To help your organization achieve its goals, you must be energized, creative, and committed to your job. But all of us face moments when our professional passions wane--when milestone birthdays, major life events, or aging parents cause us to ask, "Am I really living the way I want to live?" This article explains how to renew your professional passion during these times.
First look for signals that it's time to take stock of your work life. For example, watch for feelings of entrapment or boredom, the sense that you need to reassess your priorities, the conviction that you're drawn to a new mission. Then renew your passion by taking time off to reexamine your priorities or finding a professional development program to clarify your aspirations and strengths. Schedule regular self-reflection time or make small changes in your job to add new challenges. You'll revive your energy, creativity, and commitment--and your ability to inspire others.
Harvard Business Review
by Ronald N. Ashkenas and Robert H. Schaffer
This article provides additional strategies for prioritizing demands. Many managers escape into busyness (sorting through e-mail, fighting fires) because real managerial work--with all its vagueness, ambiguous accountability, and muddy causal connections--generates intense anxiety.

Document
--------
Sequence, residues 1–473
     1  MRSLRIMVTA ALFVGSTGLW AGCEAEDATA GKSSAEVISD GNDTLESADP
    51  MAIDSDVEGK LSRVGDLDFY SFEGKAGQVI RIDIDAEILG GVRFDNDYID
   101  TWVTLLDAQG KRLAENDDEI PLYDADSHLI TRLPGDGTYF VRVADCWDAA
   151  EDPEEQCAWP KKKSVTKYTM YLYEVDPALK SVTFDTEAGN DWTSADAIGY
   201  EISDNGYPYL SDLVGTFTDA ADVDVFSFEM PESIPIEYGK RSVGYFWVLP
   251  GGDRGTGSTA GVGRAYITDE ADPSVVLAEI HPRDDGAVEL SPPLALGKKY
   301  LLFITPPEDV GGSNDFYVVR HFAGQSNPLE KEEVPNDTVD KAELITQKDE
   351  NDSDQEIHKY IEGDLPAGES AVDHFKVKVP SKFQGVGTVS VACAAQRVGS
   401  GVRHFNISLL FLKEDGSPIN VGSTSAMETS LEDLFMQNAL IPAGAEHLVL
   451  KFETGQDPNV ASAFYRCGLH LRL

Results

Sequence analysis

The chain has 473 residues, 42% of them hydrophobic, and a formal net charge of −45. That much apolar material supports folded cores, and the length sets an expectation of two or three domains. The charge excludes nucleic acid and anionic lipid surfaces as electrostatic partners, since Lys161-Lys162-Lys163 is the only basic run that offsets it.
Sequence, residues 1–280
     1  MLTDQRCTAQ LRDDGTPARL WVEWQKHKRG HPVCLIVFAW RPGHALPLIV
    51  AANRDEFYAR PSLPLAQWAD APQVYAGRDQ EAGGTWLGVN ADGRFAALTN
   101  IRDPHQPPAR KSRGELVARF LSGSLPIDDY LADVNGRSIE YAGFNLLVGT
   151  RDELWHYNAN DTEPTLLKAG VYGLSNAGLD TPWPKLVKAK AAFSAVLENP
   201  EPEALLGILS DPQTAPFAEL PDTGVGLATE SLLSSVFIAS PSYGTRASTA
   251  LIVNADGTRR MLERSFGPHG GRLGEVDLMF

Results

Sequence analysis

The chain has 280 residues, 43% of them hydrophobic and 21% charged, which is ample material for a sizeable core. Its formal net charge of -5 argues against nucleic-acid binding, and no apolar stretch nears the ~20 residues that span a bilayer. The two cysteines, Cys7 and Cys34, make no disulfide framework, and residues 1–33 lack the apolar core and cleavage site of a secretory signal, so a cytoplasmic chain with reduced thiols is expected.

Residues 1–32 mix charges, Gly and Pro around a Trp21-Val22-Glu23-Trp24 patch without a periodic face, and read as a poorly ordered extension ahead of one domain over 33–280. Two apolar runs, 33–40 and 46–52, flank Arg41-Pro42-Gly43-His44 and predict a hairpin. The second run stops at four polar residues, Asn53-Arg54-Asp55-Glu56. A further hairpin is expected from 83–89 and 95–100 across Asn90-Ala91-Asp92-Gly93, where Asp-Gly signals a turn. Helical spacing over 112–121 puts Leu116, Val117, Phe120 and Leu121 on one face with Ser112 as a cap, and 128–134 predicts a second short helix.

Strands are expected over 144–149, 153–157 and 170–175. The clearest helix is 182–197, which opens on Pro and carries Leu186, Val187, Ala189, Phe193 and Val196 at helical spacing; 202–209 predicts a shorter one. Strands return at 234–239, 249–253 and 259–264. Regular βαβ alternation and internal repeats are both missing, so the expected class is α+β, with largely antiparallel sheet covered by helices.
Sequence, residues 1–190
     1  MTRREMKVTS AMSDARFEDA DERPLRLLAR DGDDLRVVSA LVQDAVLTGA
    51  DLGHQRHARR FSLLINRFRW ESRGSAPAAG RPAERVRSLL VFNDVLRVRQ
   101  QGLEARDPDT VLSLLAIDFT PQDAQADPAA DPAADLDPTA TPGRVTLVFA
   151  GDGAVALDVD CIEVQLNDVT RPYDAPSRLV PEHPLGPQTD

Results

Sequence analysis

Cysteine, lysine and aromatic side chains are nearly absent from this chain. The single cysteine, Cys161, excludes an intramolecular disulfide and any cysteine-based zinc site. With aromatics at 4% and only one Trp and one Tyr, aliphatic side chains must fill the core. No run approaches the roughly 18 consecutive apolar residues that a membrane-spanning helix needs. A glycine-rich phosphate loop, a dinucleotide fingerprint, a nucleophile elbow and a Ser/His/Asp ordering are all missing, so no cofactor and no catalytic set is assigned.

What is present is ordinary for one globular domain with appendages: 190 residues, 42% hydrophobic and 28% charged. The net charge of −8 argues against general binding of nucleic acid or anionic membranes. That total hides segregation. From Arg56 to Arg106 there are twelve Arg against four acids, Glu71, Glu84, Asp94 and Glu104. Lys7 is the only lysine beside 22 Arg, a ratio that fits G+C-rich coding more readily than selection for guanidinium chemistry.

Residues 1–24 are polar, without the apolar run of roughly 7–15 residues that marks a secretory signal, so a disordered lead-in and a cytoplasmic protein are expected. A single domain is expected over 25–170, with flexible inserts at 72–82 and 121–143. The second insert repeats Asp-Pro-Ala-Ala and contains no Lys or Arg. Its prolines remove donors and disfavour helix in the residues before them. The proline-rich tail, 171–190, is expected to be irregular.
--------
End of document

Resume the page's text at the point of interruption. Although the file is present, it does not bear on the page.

But when we succumb to busyness to allay anxiety, we neglect our primary responsibilities: improving performance, demanding more from employees, streamlining daily activities. Our companies pay the price, with too many people on the job, overly complicated structures, excessive analysis, and insufficient action.
How to replace anxiety with the confidence to tackle your toughest challenges? Break big projects into manageable pieces, selecting efforts that focus on bottom-line results. Clarify how you'll measure, report on, and review progress. And apply traditional time-management strategies: document your actual use of time, ask which daily activities are most important, and compare insights with other managers' to identify more effective work habits. Your reward? You'll avoid the seductiveness of busyness and invest your time where it pays the biggest dividends.